Stingray 215LR Sport Deck Bowrider: Abridged Version

Even though this bowrider is smaller and less expensive, the Stingray 215LR is packed full of the same features as its larger stable mates.

12th November 2012.
By Brett Becker

It’s always nice for boatbuilders to offer larger and larger bowriders, but for many buyers more boat in a smaller package would be better—and that’s exactly what you get in Stingray’s 215LR Sport Deck Bowrider, when you compare it to bigger models like the Stingray 235LR. This boat’s name is telling, because if you look at it from some angles, it seems to be a deck boat. From most others it’s a bowrider, and that’s important because there are buyers who don’t care for the somewhat dowdy looks of a deckboat. And that’s what sets the 215LR apart. It has the utility of a deckboat, but it also has the lines of a runabout and the performance of a Stingray.

Stingray 215LR bowrider deckboat

Though it has the looks of a Stringray bowrider, the 215LR has the utility of a deckboat – and the features of a much larger model.

Looks aside, the 215LR has a wide beam, a deep cockpit, and easy boarding points at the bow and stern. Both of them feature pressurized shower spigots, which are great for rinsing off sandy feet or salty water. The bow boarding platform doubles as a latching lid to cover the telescoping boarding ladder and an anchor locker. It’s also nifty that Stingray includes a standard pull-up cleat at the bow.

Once you step on board, you’ll find two forward facing lounges with comfortably angled backrests and grab bars that fall naturally to hand, cupholders concealed in speaker enclosures, and another locker under the bow step that can pull double duty as wet stowage or as a cooler. Walk through the windshield and you notice how fully equipped the standard version of the 215LR is. For example, the 215LR comes with a Bimini top, indirect LED cockpit lighting, flip-up thigh bolsters, and a removable dinette table with mounting points in the bow and cockpit. Tilt steering is commonly a standard item (and the 215LR has it), but the transom-mounted trim switch is not.

Stingray 215LR bow rider deck boat

There are boarding platforms, ladders, and freshwater showers at both the stern and the bow of the 215LR Sport Deck Bowrider. Behind the forward hatch seen here, there’s a step with a cooler underneath.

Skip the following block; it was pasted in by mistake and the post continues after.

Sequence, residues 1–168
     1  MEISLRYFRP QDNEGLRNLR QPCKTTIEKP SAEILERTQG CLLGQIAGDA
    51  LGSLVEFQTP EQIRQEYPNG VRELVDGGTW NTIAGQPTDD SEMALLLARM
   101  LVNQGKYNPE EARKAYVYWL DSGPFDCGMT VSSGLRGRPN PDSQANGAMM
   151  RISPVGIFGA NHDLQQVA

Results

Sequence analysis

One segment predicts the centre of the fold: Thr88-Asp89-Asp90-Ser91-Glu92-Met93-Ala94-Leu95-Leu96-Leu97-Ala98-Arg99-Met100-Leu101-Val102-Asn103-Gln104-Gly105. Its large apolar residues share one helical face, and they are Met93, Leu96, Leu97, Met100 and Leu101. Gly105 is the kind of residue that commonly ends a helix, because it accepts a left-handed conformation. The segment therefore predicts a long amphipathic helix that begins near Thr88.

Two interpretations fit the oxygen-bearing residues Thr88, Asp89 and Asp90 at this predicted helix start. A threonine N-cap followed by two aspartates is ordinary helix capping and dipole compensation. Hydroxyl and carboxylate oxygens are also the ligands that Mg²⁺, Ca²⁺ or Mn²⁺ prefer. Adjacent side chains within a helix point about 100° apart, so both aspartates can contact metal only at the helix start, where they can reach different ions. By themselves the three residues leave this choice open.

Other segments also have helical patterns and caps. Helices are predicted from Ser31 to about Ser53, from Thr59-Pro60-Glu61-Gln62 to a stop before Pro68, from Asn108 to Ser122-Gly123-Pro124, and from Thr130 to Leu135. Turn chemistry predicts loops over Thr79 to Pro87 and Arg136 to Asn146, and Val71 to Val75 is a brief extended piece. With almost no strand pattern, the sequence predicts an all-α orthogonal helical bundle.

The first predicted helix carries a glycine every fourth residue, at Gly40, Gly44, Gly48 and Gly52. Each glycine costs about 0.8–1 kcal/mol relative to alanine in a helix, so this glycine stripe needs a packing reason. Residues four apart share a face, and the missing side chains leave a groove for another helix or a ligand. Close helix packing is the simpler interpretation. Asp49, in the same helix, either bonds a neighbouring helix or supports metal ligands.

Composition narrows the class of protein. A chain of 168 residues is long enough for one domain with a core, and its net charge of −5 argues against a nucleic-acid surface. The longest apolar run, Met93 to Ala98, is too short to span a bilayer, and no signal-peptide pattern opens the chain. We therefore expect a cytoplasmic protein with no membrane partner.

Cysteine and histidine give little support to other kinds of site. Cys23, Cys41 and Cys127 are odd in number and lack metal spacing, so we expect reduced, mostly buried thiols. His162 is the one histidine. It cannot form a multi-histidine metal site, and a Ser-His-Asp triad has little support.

This boat also comes standard with a head compartment, though a Porta Potti with dockside pump-out is a $185 option. Another feature that’s not standard is colored gelcoat, a $486 option, which is almost a necessity given the broad hullsides of the 215LR. That’s a lot of white gelcoat if you don’t tick the color option box.

The wet bar behind the driver’s seat is notable for a couple of reasons. One, the standard 25-quart Igloo cooler locks into its own recess. Two, the sink features one of the smartest designs you’ll find. It doesn’t have a spigot that comes up from the counter top, which is always something that can break off if someone handles it improperly. Instead, the spigot emerges from the upper wall of the coaming panel. It’s so simple it’s brilliant, and it keeps the countertop uncluttered.

wet bar on stingray boats

The wet bar on the Stingray is notable for the sink and spigot placement, plus the removable cooler. Smart – very smart.

Stingray 215 LR bowrider specificationsStandard power is the 220-horsepower 4.3-liter MerCruiser V6, and starting MSRP with that powerplant is a reasonable $43,168.

It’s always an interesting prospect to consider a bigger boat, but it’s nice to know Stingray can package a lot of the same features into a smaller, more abridged 215LR, which costs a lot less.

For more information, visit Stingray Boats.

-Brett Becker


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About the author:

Brett Becker

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Brett Becker is a freelance writer and photographer who has covered the marine industry for 15 years. In addition to covering the ski boat and runabout markets for Boats.com, he regularly writes and shoots for BoatTrader.com. Based in Ventura, Calif., Becker holds a bachelor’s degree in journalism and a master’s in mass communication from the University of Central Florida in Orlando.

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